Editor’s note: This is the sixth in a series of interviews and podcasts with Migraine Science Collaborative editorial board members.
Amynah Pradhan, PhD, is the director of the Center for Clinical Pharmacology at Washington University School of Medicine in St. Louis. Previously she was an associate professor of psychiatry at the University of Illinois at Chicago. She investigates novel therapies for migraine and identified the delta opioid receptor as a promising target for this disorder. Ongoing studies in her lab are focused on the differential role of mu and delta opioid receptors in headache. Additionally, her work focuses on identifying the molecular mechanisms that contribute to migraine chronicity, as well as overlapping mechanisms between migraine and neuropsychiatric conditions.
In this podcast, Pradhan speaks with Fred Schwaller, PhD, a freelance science writer based in Germany, to chat about the promise of targeting delta opioid receptors as a way to treat migraine – without the adverse consequences of current drugs that target the mu opioid receptor (another main subtype of opioid receptor.) She also discusses her recent work on neuronal complexity (see MSC related news article), her thoughts about the migraine field more broadly, and more.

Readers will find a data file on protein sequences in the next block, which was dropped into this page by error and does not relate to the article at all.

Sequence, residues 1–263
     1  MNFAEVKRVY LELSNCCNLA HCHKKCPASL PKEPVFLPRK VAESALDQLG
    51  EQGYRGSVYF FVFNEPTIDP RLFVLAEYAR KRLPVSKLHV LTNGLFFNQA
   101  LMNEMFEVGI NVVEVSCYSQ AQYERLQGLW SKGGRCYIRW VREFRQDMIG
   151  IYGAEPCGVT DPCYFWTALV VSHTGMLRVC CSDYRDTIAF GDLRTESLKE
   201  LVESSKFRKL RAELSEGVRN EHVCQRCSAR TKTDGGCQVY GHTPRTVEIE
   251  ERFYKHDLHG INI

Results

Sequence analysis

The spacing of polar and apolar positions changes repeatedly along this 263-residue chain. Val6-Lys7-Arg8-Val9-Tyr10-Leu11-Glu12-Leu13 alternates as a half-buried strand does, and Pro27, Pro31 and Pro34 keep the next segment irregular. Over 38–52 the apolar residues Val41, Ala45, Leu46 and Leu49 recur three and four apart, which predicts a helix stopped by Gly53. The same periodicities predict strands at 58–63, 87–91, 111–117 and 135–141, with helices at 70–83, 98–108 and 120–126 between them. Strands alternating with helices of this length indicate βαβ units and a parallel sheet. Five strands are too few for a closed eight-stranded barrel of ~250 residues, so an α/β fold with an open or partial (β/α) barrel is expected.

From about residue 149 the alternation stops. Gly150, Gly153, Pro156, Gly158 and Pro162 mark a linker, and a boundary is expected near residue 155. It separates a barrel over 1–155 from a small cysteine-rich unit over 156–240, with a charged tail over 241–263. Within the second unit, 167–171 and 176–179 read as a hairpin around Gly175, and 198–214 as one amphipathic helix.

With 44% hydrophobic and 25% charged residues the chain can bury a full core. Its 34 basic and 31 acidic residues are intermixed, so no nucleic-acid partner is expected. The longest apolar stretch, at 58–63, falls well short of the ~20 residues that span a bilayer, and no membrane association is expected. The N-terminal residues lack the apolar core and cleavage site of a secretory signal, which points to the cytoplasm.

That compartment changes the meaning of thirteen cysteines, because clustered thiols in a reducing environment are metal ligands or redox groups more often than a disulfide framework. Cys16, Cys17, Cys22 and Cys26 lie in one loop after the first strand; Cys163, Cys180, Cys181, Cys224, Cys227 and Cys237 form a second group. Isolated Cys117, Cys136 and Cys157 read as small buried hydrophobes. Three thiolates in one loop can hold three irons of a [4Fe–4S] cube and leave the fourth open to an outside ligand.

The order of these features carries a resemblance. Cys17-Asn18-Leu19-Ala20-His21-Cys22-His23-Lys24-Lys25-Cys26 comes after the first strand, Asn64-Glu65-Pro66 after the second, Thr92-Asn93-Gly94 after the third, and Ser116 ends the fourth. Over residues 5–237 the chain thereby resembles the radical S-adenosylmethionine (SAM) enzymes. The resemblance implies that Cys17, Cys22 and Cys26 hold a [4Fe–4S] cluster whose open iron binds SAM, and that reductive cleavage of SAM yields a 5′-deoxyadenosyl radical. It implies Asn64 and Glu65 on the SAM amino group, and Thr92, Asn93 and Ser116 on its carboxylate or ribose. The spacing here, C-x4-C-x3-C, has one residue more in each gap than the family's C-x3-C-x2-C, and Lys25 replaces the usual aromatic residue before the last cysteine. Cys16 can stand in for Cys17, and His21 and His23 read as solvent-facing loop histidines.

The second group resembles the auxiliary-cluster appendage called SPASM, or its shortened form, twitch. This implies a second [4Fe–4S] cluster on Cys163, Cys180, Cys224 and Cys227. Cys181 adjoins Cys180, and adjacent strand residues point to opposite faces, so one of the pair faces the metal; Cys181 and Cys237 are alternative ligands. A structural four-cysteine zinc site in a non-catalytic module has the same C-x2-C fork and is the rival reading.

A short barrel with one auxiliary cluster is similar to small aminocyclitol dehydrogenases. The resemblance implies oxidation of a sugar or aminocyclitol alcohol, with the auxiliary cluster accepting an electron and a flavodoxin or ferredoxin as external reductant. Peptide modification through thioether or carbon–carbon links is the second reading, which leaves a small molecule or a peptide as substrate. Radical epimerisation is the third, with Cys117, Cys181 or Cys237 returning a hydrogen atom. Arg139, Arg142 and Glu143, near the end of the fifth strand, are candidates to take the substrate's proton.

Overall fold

Cytoarchitecture: The structural arrangement of neurons.
Cytoskeleton: A network of protein filaments in the cell cytoplasm that give cells their shape and internal organization.
Delta opioid receptor (DOR): One of the main subtypes of opioid receptors. Targeting this receptor is an approach now under investigation as a possible treatment for migraine. The two other main subtypes of opioid receptors are the mu opioid receptor and the kappa opioid receptor.
DOR green fluorescent protein (GFP) mice: Genetically engineered mice that contain a fluorescent protein allowing researchers to visualize where the DOR is present in neurons.
Histone deacetylase 6 (HDAC6): A protein that destabilizes microtubules through deacetylation (see below).
Microtubules: Cylindrical protein structures that help form the cytoskeleton.
Microtubule acetylation/de-acetylation: The addition or removal of a molecule called an acetyl group from microtubules.
Neuronal complexity: The length of neurons along with the number of neuronal processes, including axons and dendrites.
Fred Schwaller, PhD, is a freelance science writer based in Germany. Follow him on Twitter @SchwallerFred
This work is licensed under a Creative Commons Attribution-NonCommercial-NoDerivatives 4.0 International License.
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